(A breakdown of inmate employment assignments include some interesting job titles. There were six bed makers and five officer and guard barbers assigned to the Captain’s Department. The Commissary had one inmate assigned to the coal gang and one butcher. In the Engineer’s Department, there were 30 inmates assigned to the blacksmith’s shop, two to the railroad, four to the tramway, one to the saw mill, two to the ice plant and two to the telephone. In the Farm and Dairy, there were four teamsters and eight scavengers. In the Turn-Keys Department, there were six assigned as white washers. Under Prison Improvements, there were 31 inmates assigned to the Wall Gang. The wall at Folsom Prison wasn’t completed until 1923, two years after this inspection report.)
The hospital staff now consists of Dr. H.A. Clattenburg, resident physician, and Dr. M.L. Azevedo, who has recently arrived to assist him. This will make it possible to have a physician always on duty at the prison. Nurses, laboratory and clerical assistants are selected for their previous training in professional and business lines.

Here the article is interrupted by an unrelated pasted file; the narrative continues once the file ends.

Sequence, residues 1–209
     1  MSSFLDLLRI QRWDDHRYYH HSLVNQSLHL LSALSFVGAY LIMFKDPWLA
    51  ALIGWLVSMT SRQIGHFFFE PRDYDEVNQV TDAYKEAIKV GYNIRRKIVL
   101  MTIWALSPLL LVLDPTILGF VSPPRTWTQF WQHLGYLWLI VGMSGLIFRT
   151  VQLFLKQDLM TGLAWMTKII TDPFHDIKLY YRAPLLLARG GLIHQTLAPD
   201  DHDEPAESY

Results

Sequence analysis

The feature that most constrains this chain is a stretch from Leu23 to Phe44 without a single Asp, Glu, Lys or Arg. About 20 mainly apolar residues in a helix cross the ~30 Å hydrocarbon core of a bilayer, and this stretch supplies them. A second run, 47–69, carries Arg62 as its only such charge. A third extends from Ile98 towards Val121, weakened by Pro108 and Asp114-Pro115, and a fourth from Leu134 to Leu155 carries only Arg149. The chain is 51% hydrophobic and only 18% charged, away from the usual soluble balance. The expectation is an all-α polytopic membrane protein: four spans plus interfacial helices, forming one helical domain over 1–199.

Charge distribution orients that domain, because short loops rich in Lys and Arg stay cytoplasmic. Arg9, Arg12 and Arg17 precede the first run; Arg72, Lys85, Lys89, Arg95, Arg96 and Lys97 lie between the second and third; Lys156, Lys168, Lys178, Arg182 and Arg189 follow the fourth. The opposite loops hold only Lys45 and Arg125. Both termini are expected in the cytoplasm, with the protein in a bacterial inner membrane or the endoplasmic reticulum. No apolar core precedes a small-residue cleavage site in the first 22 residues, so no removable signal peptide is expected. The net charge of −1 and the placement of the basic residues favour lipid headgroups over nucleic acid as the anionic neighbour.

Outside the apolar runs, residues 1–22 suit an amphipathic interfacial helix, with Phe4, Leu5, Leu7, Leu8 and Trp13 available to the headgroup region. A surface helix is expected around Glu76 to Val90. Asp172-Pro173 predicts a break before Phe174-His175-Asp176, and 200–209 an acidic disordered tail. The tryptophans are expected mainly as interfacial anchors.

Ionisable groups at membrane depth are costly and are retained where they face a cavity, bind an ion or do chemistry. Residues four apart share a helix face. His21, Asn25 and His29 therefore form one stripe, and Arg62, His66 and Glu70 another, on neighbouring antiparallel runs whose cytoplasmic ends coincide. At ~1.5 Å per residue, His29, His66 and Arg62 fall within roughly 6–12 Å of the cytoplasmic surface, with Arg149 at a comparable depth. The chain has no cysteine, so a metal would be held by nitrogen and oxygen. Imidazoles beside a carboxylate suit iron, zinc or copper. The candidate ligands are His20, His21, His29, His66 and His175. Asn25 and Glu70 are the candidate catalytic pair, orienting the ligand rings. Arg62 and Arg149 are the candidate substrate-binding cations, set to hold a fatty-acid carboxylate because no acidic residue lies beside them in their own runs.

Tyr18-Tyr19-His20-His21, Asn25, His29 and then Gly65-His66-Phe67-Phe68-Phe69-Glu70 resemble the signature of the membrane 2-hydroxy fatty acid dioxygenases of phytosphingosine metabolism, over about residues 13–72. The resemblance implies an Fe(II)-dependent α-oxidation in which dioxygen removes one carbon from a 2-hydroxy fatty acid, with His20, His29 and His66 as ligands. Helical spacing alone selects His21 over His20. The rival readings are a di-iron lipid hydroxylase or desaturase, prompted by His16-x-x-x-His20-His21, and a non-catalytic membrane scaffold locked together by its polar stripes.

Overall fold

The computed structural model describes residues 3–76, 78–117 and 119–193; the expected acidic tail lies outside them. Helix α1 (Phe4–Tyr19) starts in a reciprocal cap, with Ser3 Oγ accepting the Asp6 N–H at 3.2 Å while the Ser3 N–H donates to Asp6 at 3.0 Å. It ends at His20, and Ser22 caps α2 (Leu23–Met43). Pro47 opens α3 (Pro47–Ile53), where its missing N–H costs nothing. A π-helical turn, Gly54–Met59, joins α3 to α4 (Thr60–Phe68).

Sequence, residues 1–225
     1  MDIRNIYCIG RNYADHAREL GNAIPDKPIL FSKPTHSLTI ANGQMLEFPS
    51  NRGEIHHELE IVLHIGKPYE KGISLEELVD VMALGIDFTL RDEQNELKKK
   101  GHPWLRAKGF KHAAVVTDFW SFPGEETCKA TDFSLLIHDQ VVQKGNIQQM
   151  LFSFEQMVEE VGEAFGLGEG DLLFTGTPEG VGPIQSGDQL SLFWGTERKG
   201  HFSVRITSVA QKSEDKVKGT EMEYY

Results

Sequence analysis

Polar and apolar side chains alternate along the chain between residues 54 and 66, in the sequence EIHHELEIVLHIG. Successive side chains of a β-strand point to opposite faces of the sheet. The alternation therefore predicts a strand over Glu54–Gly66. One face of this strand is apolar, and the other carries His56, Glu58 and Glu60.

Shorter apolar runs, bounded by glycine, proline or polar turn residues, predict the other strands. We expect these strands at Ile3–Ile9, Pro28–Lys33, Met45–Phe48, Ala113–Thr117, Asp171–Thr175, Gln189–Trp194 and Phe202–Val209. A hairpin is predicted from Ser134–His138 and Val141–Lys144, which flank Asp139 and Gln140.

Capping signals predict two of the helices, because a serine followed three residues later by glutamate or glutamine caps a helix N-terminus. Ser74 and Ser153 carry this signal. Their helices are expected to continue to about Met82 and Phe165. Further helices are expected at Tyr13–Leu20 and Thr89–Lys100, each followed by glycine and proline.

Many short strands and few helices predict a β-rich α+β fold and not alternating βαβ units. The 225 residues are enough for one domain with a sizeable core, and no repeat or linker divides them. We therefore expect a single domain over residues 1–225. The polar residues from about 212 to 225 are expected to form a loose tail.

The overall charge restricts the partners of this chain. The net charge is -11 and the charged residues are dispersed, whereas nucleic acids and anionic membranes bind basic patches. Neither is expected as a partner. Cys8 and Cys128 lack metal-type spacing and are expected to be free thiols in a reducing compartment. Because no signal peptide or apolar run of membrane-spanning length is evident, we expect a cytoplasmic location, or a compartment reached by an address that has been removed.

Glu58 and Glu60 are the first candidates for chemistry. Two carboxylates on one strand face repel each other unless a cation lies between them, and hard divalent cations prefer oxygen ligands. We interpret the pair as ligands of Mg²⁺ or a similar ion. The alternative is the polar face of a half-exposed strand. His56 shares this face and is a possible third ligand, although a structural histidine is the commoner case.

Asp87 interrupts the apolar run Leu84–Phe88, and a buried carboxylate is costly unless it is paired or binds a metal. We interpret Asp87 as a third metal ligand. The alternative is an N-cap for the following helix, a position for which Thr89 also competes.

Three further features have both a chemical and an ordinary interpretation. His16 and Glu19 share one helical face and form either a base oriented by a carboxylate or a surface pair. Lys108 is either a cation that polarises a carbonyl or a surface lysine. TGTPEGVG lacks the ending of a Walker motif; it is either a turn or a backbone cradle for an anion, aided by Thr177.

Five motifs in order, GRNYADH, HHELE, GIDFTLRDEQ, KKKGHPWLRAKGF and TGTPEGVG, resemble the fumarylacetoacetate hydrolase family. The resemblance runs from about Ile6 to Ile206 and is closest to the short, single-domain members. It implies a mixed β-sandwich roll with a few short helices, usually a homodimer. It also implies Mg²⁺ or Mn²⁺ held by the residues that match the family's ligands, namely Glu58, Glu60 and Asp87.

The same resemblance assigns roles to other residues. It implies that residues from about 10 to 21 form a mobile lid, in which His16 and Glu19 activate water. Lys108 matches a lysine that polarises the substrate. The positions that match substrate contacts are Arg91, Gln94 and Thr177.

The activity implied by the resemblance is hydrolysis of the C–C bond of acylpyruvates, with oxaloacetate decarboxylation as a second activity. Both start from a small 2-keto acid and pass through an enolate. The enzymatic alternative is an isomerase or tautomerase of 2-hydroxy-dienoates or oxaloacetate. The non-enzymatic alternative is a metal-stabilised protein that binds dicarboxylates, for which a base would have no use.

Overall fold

The department is well organized and is doing good work. A very keen interest in its development is evinced on the part of both Dr. Clattenburg and Warden Smith.
All new prisoners are promptly examined, and this work is complete to date. Clinics are held twice a day, which the men are allowed to attend before going to work in the morning and again in the afternoon, when routine treatment is given and simple medicines dispensed. The men are not required to have a permit for this.